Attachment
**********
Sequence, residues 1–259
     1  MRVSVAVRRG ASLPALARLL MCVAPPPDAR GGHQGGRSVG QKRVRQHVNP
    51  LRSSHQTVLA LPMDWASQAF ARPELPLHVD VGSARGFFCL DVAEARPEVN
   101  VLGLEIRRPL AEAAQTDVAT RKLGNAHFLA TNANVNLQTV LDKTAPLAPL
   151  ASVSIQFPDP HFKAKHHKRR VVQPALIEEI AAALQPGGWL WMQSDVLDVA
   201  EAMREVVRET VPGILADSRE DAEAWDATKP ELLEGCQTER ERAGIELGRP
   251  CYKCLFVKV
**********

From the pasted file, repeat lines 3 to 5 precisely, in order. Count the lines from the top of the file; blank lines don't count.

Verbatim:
    51  LRSSHQTVLA LPMDWASQAF ARPELPLHVD VGSARGFFCL DVAEARPEVN
   101  VLGLEIRRPL AEAAQTDVAT RKLGNAHFLA TNANVNLQTV LDKTAPLAPL
   151  ASVSIQFPDP HFKAKHHKRR VVQPALIEEI AAALQPGGWL WMQSDVLDVA